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Black Sea

In the 1940s, Turkish Historian, Hasan Umur, proposed that Ancomah, a mythical place near Trabzon, Turkey, was linked with the Atlantis Myth.

in the 1990s, Ryan and Pitman theorized that the Black Sea suffered a catastrophic flooding that probably inspired the story of Noah's flood.

In 2000, Robert Ballard undertook a marine expedition and found the remains of human habitation around 300 feet underwater in the Black Sea off the north coast of Turkey. The area flooded around 5000 BC.

Before 5500 BC, a great plain lay in the northwest at a former freshwater-lake. In 5510 BC, rising sea level topped the barrier at today's Bosporus.

There is currently no consensus on the nature of the flooding to the Black Sea. Western scientists tend towards a catastrophic model. Eastern scientists tend towards a fluctuated model. The idea of gradual change has been proposed but is the least popular among scientists.

In 2004, Siegfried and Christian Schoppe theorized that Atlantis was probably located in the Black Sea and identifed the Pillars of Hercules with the Strait of Bosporus.

They claim Orichalcum means the obsidian stone that used to be a cash-equivalent at that time and was replaced by the spondylus shell around 5500 BC, which would suit the red, white, black motif. The geocatastrophic event led to the neolithic diaspora in Europe, also beginning 5500 BC.

In 2006, Werner E. Friedrich proposed that events from Plato's Atlantis, the Deluge from the Bible and the events from the Epic of Gilgamesh all recounted the same catastrophic Eastern Mediterranean event. He too proposed that Atlantis was once in the Black Sea.


Factors in choosing the Black Sea


  • Once had a much larger area of land.
  • Did sink.
  • Archaeology reveals there were settlements which are now submerged.


  • Does not sit beyond the traditional Pillars of Hercules.
  • How did the merchant ships that Plato describes arriving from all over the world dock at the harbor of Atlantis when it was 350 feet below global sea-level and not connected to the wider ocean?



Arslanov, Kh. A., et al. "Climate, Black Sea levels and human settlements in Caucasus Littoral 50,000–9000 BP," Quaternary International, Volumes 167-168, June 2007, pp. 121-127.

Friedrich, Werner E. Prehistoric Deluge in the Black Sea and Atlantis, Buchhandel, Frankfurt, 2006.

Gray, R., Atkinson, D. "Language-tree divergence times support the Anatolian theory of Indo-European origin," Nature, Vol. 426, No. 6965, November 27, 2003, p. 435.

Haarmann, Harald. Geschichte der Sintflut – auf den Spuren der frühen Zivilisationen, Beck, Munich, 2003.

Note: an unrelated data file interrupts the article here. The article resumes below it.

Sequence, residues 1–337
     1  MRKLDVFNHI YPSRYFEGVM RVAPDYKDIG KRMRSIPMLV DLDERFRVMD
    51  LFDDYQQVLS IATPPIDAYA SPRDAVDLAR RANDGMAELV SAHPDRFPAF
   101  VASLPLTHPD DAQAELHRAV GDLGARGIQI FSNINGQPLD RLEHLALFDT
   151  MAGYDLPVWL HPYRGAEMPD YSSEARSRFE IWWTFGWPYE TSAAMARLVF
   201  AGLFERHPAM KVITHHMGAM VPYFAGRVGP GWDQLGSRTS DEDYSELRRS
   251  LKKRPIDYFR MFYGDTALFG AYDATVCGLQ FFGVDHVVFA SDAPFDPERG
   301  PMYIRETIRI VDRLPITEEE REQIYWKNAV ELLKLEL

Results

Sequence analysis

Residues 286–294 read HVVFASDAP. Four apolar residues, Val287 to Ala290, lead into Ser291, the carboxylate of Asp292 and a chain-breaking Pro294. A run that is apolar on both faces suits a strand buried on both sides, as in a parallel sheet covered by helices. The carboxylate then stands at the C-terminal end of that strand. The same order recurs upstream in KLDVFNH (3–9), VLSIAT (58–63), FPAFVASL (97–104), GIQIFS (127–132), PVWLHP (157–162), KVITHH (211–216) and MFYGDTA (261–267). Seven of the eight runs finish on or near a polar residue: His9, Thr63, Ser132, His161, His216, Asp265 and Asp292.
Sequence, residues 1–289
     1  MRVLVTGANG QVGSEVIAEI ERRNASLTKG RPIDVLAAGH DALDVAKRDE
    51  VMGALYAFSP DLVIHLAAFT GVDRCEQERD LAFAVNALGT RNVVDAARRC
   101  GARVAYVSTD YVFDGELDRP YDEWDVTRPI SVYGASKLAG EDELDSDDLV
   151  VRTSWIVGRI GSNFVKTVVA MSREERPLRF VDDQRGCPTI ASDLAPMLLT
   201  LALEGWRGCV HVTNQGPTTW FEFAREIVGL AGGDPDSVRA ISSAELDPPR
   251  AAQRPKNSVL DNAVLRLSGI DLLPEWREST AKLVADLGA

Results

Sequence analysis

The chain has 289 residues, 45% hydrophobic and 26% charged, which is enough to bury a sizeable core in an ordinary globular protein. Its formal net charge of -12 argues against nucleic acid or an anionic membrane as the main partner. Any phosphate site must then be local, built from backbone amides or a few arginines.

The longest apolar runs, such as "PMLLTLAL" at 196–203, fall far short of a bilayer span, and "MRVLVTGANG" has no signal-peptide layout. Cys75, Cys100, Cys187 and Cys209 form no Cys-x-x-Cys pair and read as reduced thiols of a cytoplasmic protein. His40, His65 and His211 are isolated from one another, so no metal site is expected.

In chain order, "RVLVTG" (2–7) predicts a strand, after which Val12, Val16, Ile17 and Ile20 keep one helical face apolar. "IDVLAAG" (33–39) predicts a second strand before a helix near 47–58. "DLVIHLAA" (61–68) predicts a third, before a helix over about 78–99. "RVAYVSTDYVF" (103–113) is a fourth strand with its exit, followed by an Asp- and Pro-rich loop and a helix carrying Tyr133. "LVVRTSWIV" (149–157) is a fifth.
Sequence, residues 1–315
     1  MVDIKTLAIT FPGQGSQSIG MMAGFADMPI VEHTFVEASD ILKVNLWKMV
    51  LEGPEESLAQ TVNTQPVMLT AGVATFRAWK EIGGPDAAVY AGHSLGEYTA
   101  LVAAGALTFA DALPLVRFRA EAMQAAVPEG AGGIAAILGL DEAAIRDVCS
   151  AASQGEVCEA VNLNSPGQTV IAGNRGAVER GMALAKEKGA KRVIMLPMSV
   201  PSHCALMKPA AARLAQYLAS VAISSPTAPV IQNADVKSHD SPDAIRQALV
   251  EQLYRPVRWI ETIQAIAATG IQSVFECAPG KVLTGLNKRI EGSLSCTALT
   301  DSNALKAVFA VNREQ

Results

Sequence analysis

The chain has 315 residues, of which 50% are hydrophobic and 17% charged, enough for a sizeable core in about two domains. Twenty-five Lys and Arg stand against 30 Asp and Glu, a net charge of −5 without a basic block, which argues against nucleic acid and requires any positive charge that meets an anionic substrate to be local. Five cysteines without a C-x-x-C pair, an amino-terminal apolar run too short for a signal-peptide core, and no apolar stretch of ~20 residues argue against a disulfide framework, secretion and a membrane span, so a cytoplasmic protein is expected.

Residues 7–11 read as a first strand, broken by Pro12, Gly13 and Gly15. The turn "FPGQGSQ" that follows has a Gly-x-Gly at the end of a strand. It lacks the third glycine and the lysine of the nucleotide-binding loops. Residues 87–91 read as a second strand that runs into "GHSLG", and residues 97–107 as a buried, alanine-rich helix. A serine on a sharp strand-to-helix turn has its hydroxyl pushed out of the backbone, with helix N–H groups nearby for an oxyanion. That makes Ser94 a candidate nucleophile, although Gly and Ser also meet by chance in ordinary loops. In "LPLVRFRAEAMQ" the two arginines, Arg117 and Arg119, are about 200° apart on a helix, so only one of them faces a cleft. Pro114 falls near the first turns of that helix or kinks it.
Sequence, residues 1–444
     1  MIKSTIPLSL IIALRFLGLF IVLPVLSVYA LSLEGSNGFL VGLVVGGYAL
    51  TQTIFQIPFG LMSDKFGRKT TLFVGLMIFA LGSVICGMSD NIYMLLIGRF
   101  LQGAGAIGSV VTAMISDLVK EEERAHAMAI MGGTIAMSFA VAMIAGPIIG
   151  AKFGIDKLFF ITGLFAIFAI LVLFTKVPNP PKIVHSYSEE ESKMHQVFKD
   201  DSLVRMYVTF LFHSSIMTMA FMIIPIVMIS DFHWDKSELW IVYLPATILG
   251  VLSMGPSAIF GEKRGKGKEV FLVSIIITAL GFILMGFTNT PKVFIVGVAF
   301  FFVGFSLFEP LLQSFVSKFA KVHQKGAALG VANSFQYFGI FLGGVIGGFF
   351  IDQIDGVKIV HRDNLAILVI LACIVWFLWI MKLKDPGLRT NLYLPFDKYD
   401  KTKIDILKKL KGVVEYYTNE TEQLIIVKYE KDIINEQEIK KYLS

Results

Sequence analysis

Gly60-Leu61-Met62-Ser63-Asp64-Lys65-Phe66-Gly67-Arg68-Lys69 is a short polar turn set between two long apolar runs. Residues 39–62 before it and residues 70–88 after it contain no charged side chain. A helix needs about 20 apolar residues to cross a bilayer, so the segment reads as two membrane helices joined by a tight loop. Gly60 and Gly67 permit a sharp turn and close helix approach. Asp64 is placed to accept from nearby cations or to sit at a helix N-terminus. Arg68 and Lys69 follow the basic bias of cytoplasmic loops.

Hiscott, Richard N., et al. "A gradual drowning of the southwestern Black Sea shelf: Evidence for a progressive rather than abrupt Holocene reconnection with the eastern Mediterranean Sea through the Marmara Sea Gateway," Quaternary International, Volumes 167-168, June 2007, pp. 19-34.

James, Peter. The Sunken Kingdom. The Atlantis Mystery Solved. London: Pimlico, 1996.

Konikov, E., et al. "Paleogeographic reconstructions of sea-level change and coastline migration on the northwestern Black Sea shelf over the past 18 kyr," Quaternary International, Volumes 167-168, June 2007, pp. 49-60.

Martin, R. E., et al. "Holocene sea level and climate change in the Black Sea: Multiple marine incursions related to freshwater discharge events," Quaternary International, Volumes 167-168, June 2007, pp. 61-72.

Mudie, P. J., "Palynological evidence for climatic change, anthropogenic activity and outflow of Black Sea water during the late Pleistocene and Holocene: Centennial- to decadal-scale records from the Black and Marmara Seas," Quaternary International, Volumes 167-168, June 2007, pp. 73-90.

Pitman, Walter, Ryan, William Noah’s Flood. The New Scientific Discoveries about the Event that Changed History, Simon & Schuster, New York, 2000.

Schoppe, Christian, and Siegfried Schoppe. Atlantis und die Sintflut. Die erste Hochkultur versank 5.510 vor Christus im Schwarzen Meer. Books, on demand, 2004.

Schoppe, Christian, and Siegfried Schoppe. Atlantis - The Sunken Indo-European Capital in the Black Sea, online paper, undated.

Séfériadès, M. "Complexity of the processes of Neolithization: Tradition and modernity of the Aegean world at the dawn of the Holocene period (11–9 kyr)," Quaternary International, Volumes 167-168, June 2007, pp. 177-185.

Wilson, Ian. Before the Flood. Dramatic New Evidence that the biblical Flood was a Real-Life Event, Orion, 2002.

Yanko-Hombach, Valentina, et al. The Black Sea Flood Question, Springer, 2006.

Yanko-Hombach, Valentina, et al. "Controversy over the great flood hypotheses in the Black Sea in light of geological, paleontological, and archaeological evidence," Quaternary International, Volumes 167-168, June 2007, pp. 91-113.

black_sea.txt · Last modified: 2019/09/21 17:46 by admin